It may seem more than a little ironic to be searching out more methods for improving the fuel efficiency of commercial trucks at a time of record-lower fuel prices. But that’s exactly what the North American Council for Freight Efficiency (NACFE) is up to – with plans to kick such efforts into overdrive later this year.
During a conference call with reporters to tout its latest “confidence report,” entitled Determining Efficiency, NACFE Executive Director Mike Roeth talked about a “national fuel-economy roadshow” being planned for October this year – and event called “Run on less.”
“Run on less” is conceived as a six-stage cross-country run from Los Angeles to Washington D.C. as a way to determine the most fuel-efficient Class 8 truck, highlighting the technology, practices and driving skills that make upper-most fuel efficiency a reality.
“We’re in a period here where we’ll be releasing a major study every month,” Roeth said – confidence reports that aim to disseminate “best in class” findings about any number of components and technologies to the entire trucking industry.
“One new area for us is how to determine the efficiency of technology,” he added. “We see our place as helping fleet owners figure out what to buy with respect to multitude of technologies becoming available to meet GHG [greenhouse gas] regulations. The big challenge we see over next 10 to 15 years is how to pick technologies in such a regulated marketplace.”
[That’s a big challenge, especially for OEMs, as Roeth detailed in a video a few years ago.]
Another are Roeth said NACFE is focusing on is the development of more “payback calculators” for motor carriers to use.
“At the end of this year we’re going to engage industry best practices around payback calculators,” he explained.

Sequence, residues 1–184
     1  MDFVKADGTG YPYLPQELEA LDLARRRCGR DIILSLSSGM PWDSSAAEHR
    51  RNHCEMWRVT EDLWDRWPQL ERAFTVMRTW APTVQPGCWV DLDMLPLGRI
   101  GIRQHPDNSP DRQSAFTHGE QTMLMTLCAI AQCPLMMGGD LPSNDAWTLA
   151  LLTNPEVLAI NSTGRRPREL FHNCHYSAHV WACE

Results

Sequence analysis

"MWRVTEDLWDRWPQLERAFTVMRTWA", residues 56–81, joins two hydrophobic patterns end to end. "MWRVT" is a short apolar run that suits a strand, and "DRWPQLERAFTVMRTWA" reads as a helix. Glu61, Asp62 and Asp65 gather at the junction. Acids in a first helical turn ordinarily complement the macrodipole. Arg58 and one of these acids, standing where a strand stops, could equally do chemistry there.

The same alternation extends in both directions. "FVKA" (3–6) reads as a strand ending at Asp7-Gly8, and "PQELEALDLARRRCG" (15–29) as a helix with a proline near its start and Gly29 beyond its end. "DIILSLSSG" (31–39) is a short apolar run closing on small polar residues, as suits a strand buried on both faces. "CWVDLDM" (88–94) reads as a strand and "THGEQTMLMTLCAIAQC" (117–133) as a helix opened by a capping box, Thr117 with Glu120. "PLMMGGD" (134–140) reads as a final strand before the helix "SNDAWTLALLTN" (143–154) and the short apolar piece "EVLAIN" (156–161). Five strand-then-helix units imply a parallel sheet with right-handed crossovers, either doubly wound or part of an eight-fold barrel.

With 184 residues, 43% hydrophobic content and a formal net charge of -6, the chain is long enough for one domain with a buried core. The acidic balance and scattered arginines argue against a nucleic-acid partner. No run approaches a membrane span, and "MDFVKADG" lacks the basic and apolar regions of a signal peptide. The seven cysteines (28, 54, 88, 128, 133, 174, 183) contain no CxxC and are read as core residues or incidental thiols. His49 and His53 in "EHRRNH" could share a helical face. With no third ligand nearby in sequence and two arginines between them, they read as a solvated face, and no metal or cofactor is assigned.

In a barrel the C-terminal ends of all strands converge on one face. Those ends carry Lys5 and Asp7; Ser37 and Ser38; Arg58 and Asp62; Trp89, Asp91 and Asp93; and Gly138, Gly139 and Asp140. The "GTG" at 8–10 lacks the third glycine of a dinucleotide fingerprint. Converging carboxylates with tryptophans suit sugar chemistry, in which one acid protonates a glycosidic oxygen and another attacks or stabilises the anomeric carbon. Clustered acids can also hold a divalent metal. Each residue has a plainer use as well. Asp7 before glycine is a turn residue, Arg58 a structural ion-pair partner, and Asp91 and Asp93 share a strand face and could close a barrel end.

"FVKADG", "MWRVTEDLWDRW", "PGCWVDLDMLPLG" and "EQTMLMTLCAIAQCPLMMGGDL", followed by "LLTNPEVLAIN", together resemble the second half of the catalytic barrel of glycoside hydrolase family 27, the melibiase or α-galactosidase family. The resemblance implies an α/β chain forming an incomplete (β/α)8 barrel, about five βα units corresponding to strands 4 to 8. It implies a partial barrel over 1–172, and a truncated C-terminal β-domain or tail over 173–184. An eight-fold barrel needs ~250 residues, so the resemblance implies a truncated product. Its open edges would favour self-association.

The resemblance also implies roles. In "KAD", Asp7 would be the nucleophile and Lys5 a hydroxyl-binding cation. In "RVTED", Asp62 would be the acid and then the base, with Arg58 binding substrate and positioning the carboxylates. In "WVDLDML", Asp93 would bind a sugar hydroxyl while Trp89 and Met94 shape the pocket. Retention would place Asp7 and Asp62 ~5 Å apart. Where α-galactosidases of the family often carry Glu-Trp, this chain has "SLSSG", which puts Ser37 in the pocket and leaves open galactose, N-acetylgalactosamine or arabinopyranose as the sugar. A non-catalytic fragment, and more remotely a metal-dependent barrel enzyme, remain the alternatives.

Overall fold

“Because for fleets to adopt a technology, they will need a payback analysis/ return on investment case,” Roeth stressed. “What percent fuel economy improvement will they get? How do they determine what fuel mileage percentage they will get?”
It’s also important for fleets to understand their current operation, he pointed out, then take all the fuel test data they can get, plug that in with their trucks, route, business practices, and put into calculator to figure out what they can get in terms of better fuel economy and savings against their investments.
“We’re beginning to dig into this with prior research – and there is a ton of it out there – and interview different players in the marketplace,” Roeth emphasized. “One of the challenges is that while a fleet is focused on how device affects their particular specs, manufacturers want to figure out how device work across hundreds of different vehicles and powertrain combinations. And in both cases, that [new technology] needs to be tested against real-world operation.”
The challenge right now is that there is no one place for fleet to go get answers, he explained.
“So we’re trying to consolidate information into a place where people have confidence in the reporting,” Roeth noted. “We are trying to bring all the data out so it will work everyone. And we’re focusing on OEMs as well [because] it is quite common fleets don’t trust manufacturers to bring all of the available data to them. So we’re trying to get OEMs to share more and build more confidence in them.”
And if all of this works as planned, the entire trucking community – including owner-operators and small fleets as well as the big operators – should benefit. That would be a very good thing.